Released Swiss court documents reveal former FIFA president Joao Havelange and former Brazilian confederation president (and FIFA executive committee member) Ricardo Teixeira received tens of millions in bribes in the 1990s from former FIFA marketing partner ISL.
Havelange, in office from 1974 to 1998, accepted a payment of around $1 million in 1997. Teixeira, in office from 1989 to 2012, accepted bribes from ISL worth at least $13 million from 1992 to 1997. The revelations exceed figures first reported by Andrew Jennings of BBC’s Panorama.
The two men and FIFA paid a combined $6.1 million to close off a Swiss prosecutor’s investigation and end criminal proceedings against the two men in May 2010. Havelange remained FIFA’s honorary president. Teixeira stayed on FIFA’s executive committee until resigning in 2012 for purported health reasons.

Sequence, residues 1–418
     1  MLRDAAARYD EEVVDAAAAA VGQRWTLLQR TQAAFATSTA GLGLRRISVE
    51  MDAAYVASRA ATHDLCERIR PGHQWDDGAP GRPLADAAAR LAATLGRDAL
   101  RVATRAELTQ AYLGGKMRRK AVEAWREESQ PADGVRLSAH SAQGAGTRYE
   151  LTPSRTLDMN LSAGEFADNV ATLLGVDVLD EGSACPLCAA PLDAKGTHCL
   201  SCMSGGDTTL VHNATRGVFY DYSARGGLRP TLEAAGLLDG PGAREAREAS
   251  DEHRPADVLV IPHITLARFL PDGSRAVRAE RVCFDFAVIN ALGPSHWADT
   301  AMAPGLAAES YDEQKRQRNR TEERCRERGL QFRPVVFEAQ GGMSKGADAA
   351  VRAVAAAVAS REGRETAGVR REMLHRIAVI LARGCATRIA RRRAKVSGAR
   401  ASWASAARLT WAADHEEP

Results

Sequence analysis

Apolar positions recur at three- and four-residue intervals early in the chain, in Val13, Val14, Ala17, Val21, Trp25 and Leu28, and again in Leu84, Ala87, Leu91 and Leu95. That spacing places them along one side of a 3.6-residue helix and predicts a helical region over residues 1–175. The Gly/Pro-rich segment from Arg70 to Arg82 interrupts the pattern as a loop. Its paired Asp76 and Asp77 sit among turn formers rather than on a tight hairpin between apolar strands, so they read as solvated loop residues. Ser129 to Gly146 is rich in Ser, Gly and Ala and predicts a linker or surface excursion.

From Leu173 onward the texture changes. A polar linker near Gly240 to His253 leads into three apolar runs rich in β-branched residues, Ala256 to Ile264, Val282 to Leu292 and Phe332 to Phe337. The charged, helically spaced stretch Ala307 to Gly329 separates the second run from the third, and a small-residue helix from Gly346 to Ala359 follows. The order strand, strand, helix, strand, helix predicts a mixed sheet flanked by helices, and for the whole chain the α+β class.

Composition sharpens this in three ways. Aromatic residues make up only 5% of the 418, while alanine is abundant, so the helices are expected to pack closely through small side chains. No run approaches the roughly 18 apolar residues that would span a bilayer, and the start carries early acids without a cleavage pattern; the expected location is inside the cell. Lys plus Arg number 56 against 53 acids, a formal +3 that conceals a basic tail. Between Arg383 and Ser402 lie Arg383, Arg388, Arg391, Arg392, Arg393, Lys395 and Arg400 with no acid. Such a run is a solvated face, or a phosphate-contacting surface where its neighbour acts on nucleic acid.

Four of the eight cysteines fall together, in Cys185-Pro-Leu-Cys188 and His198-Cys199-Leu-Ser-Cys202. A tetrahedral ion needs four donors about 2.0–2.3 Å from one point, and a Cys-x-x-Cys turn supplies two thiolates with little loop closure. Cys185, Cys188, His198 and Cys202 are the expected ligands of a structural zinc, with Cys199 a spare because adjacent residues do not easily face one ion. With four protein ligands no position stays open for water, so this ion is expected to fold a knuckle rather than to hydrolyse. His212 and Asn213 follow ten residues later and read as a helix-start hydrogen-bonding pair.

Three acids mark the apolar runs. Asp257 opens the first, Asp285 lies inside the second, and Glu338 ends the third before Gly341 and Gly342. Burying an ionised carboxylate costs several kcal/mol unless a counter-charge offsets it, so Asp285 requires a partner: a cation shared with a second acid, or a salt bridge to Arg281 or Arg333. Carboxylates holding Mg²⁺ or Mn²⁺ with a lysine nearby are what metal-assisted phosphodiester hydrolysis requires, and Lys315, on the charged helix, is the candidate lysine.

FIFA wanted to make it especially clear that then general secretary Sepp Blatter is not accused of accepting a bribe in this case, though he knew of and protected those who did.
It’s worth remembering this is just one instance, that we have found out about. Jennings has also accused Havelange of funneling more than $40 million in bribes through a sham company called “Sicuretta.” Teixeira, though never charged formally, has been investigated multiple times in Brazil for crimes including tax evasion, money laundering and “diverting public funding.”
Considering this climate the awarding of World Cups in 2018 to Russia and 2022 to Qatar should come as no surprise. The awarding of the 2014 World Cup to Brazil could use a healthy dose of skepticism as well.
[Photo via Getty]
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